WINDHOEK – Jessica Geingos is one of five female offenders serving time with their toddlers in the Windhoek Correctional Facility.
She is incarcerated with her 15-month-old baby girl, Happiness Geingos.
Geingos, 36, was sentenced two years ago to 17 years for murdering her boyfriend at Otjiwarongo in 2013. She fatally stabbed him with a knife in the chest during a fight over a laptop.
New Era came into contact with Jessica during the inauguration of the female centre at the Windhoek facility by First Lady Monica Geingos yesterday.
There are 89 female offenders currently at the facility. During the tour of the facility, Geingos agreed to the reporter taking a picture of her and her daughter she was carrying around her waist in the room the two share.
The room has a sleeping cot for the baby and the mother’s bed. The room also has a toilet. All mothers with children each have their own room with their baby.
According to the law, the facility only allows mothers to keep babies at the facility until the age of two and from there the baby is either handed over to the mother’s family or to social workers who must raise the child while the mother serves her time.
For Jessica, there are nine months left before she and her baby part ways.
She plans to release Happiness into the care of her (Jessica’s) father and grandmother when she turns two.
In the meantime, she is happy to be with her child. She also has no complaint about the food served to her infant.
Happiness is her mother’s fourth child. Jessica has three other children, aged 17, 14, and six.
Jessica, fighting back tears, said she misses her other three children dearly.
Two of the children are in the care of her stepmother, while one is with his father.
“I miss them a lot. I don’t have a mother or grandmother who would have looked after them. I don’t know how they are coping. I just want to be close to them,” she said, finally shedding tears.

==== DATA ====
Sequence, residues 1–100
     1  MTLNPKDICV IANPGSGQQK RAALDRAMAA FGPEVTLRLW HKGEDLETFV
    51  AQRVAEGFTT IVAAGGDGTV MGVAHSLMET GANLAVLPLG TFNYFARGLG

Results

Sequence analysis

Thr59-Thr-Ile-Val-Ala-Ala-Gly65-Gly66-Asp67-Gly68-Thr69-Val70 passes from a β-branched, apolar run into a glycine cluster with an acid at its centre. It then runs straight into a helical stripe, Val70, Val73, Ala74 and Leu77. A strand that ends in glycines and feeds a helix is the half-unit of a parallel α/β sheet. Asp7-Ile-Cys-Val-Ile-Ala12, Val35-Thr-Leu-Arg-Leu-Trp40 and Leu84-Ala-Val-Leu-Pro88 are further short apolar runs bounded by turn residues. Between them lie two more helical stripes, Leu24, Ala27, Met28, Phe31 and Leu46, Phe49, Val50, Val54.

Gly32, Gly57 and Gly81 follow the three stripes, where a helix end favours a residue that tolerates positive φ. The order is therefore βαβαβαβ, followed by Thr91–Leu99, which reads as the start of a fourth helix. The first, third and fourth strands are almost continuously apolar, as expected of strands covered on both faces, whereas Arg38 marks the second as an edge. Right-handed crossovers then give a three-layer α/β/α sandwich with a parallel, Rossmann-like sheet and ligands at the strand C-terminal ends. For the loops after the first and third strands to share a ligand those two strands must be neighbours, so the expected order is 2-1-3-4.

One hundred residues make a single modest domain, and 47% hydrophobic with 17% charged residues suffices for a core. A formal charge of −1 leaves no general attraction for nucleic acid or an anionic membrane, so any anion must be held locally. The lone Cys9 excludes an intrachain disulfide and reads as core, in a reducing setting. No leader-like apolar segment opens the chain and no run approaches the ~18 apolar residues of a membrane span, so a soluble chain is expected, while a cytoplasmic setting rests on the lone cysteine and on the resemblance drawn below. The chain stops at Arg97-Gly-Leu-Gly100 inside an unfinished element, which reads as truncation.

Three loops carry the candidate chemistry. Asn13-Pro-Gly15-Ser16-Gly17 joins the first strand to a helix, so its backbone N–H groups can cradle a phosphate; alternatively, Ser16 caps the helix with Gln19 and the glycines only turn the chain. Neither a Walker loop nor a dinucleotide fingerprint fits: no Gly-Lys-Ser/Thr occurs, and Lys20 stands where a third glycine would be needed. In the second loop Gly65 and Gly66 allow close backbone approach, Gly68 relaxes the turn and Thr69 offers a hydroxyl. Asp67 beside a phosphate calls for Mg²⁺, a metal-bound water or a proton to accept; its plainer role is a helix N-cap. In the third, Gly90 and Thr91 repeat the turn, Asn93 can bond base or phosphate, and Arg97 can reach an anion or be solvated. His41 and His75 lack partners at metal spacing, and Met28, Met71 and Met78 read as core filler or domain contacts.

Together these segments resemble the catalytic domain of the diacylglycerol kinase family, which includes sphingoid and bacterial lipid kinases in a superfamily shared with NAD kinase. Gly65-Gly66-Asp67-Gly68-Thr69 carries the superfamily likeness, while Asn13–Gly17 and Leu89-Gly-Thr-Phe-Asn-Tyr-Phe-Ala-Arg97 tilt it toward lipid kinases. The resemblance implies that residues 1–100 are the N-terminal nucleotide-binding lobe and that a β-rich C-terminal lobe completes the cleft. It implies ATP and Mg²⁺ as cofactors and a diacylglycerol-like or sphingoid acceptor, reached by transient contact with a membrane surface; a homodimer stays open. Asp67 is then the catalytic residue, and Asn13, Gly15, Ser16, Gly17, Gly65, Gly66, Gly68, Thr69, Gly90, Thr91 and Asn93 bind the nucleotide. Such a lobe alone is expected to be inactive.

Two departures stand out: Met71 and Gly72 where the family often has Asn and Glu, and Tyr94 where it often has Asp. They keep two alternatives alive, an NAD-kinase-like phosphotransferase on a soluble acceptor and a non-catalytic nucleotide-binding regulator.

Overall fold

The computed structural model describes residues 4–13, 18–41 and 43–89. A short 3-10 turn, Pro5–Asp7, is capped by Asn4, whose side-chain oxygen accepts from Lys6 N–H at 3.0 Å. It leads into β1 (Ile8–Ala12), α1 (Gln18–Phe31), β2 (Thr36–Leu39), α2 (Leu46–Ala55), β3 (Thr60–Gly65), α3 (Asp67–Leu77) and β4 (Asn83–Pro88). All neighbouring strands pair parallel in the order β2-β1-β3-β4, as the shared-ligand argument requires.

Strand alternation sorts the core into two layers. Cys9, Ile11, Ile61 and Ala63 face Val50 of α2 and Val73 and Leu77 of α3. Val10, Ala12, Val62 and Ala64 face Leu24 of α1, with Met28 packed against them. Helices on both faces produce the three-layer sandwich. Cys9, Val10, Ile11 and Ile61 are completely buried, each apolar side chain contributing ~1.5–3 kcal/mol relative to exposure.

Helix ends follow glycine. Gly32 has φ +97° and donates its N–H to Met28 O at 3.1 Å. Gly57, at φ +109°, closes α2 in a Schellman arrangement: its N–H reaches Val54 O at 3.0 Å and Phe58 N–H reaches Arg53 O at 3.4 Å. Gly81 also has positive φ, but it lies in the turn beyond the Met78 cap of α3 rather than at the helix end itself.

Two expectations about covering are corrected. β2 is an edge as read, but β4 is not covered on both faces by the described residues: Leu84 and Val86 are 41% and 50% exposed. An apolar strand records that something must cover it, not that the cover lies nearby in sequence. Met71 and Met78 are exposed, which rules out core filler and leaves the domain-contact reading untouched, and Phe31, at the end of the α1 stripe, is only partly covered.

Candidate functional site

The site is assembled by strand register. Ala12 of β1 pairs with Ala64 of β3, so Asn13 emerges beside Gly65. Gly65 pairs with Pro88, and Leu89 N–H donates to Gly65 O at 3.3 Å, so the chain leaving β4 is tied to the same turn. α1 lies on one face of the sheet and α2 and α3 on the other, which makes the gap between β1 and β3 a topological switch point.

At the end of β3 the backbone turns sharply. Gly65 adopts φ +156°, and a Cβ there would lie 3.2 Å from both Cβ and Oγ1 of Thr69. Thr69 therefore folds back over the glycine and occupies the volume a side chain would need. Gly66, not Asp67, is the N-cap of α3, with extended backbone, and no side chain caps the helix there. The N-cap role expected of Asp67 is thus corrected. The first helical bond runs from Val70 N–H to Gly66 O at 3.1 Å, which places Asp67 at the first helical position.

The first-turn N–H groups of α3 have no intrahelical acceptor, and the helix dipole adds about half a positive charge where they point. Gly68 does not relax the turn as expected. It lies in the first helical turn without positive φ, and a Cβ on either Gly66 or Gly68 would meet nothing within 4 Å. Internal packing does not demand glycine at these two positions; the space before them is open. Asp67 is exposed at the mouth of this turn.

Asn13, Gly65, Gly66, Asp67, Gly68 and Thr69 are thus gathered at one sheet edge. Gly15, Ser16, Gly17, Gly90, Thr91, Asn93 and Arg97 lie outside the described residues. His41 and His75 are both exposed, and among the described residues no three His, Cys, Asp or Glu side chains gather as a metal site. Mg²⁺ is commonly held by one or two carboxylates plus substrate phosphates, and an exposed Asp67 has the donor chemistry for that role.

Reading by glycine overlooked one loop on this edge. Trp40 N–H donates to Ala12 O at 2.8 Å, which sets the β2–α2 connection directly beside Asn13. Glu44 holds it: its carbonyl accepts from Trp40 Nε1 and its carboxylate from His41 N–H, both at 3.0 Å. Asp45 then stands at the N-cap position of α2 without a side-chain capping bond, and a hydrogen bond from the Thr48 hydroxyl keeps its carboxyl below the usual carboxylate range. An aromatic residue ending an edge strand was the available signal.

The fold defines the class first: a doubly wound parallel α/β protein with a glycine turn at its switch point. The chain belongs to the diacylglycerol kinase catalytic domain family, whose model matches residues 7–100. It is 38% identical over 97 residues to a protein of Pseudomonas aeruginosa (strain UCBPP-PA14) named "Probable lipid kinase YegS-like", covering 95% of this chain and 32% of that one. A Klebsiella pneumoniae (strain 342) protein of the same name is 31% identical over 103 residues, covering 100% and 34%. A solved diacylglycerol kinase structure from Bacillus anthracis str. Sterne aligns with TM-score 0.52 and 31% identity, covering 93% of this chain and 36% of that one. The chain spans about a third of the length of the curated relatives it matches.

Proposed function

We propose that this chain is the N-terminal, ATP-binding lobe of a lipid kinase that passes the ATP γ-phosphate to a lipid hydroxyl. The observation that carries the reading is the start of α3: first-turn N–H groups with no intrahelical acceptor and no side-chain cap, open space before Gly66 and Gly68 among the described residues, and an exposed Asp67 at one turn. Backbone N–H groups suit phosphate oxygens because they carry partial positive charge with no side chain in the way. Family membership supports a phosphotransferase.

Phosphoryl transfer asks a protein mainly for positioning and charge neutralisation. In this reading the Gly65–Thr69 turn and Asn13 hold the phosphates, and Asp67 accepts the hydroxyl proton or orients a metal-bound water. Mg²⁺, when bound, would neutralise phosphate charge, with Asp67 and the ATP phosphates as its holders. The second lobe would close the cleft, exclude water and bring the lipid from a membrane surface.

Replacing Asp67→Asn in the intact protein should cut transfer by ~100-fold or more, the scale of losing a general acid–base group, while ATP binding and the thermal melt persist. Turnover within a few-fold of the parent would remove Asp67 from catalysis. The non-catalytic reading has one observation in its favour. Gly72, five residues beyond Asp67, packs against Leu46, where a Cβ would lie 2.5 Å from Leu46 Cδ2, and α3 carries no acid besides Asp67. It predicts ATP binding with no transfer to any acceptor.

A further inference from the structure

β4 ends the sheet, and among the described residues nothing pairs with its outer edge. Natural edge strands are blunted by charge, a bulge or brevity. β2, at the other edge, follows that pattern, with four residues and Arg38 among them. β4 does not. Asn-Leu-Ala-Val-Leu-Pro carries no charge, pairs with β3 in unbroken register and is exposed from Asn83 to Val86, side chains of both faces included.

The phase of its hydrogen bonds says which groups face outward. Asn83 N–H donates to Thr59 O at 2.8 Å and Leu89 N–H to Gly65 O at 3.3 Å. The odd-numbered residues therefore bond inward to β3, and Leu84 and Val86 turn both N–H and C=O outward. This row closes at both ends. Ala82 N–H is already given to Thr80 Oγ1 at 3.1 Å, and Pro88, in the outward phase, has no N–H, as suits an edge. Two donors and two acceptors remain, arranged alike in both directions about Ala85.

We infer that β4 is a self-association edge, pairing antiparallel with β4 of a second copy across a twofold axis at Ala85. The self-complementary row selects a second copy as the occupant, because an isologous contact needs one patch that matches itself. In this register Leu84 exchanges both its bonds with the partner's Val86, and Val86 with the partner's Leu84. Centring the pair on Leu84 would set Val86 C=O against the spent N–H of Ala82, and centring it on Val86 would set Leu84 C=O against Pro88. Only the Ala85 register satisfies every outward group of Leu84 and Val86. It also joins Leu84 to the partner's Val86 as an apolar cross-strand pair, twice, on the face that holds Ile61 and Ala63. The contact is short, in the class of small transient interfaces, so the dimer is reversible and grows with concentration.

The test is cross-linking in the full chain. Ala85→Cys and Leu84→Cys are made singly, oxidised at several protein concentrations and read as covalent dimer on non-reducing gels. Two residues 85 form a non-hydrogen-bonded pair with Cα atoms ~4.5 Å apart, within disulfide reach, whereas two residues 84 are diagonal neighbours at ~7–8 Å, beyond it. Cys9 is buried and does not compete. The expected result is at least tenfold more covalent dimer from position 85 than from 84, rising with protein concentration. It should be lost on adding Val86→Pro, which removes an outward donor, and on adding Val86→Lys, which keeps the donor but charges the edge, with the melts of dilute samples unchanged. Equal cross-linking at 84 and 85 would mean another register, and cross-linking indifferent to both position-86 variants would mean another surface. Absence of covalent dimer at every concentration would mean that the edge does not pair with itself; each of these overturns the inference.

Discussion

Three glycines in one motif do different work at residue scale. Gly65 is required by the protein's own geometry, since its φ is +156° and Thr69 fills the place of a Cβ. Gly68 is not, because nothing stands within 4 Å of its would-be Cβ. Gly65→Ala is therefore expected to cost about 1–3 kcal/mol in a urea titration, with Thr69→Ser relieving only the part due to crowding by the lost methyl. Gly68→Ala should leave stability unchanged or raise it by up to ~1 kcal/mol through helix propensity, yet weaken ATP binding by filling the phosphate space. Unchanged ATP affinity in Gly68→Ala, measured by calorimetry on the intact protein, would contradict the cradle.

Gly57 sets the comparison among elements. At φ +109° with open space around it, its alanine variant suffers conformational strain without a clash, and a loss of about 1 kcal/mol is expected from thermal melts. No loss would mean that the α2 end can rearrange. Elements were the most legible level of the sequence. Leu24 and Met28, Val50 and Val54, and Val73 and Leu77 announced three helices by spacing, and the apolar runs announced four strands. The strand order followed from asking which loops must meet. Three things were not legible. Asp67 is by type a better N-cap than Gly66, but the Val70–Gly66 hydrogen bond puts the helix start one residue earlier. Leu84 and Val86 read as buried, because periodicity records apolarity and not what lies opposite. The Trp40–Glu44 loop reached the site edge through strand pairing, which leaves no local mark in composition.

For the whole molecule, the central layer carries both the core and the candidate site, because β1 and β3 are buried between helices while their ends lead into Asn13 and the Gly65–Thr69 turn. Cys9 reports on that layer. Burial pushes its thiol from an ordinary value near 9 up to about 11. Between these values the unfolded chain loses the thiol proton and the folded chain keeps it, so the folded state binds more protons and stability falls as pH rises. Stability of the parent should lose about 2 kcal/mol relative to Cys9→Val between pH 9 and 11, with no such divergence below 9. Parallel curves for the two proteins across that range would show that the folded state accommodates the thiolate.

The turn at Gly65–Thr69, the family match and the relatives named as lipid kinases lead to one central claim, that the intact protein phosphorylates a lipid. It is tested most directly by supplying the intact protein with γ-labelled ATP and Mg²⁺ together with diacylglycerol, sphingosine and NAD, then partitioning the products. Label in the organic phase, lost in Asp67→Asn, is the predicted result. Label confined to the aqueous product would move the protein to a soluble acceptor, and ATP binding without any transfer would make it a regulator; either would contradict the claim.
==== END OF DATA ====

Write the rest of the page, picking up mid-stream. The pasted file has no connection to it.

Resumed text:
Phone calls are rationed in prison. Jessica is allowed to make two per week – each lasting 10 minutes.
She uses the calls to speak to her stepmother and her three children, during school holidays because they are in boarding school.
Her second call goes to Happiness’s father, whom she met while out on bail.
Recalling the fateful day when she killed her former boyfriend in 2013, Jessica said after spending a day consuming alcohol with him, a fight broke out over a laptop.
The late boyfriend felt Jessica allowed the children to play with the laptop, which he did not like. “We were arguing and then a fight broke out. I grabbed a knife and stabbed him in the chest,” she narrated. She was released on bail in October 2013 and spent four years outside during which she gave birth to Happiness.
A regretful Jessica cautioned women to know how to control themselves, especially when under the influence of alcohol.
Jessica’s room is across from another mother, Hermina Bostander, who is serving 12 months for assault with intent to do grievous bodily harm. She was granted bail of N$2 000 but she cannot afford it.
A few metres away, another woman, who preferred anonymity, lives with her two-month-old baby boy. She is serving four years in jail for drug dealing. Namibian Correctional Service Commissioner-General Raphael Tuafeni Hamunyela said the centre has capacity to house 108 females and consists of two living units, a programme area and health clinic.
In addition, Hamunyela said the facility contains a child-friendly area, designed to provide children under the age of two years a harmonic environment which assists in strengthening and building bonds with their mother. First Lady Monica Geingos committed to furnishing the facility for babies, after Hamunyela asked stakeholders for assistance.
“Leave it to me,” said the first lady.
“I will have it furnished. Until the age of two, it is critical for a mother to be with the child, whether it is for breastfeeding or bonding purposes,” stated Geingos. The United Nations Office on Drugs and Crime (UNODC) fully furnished the health clinic.
2019-06-13 09:23:28 2 months ago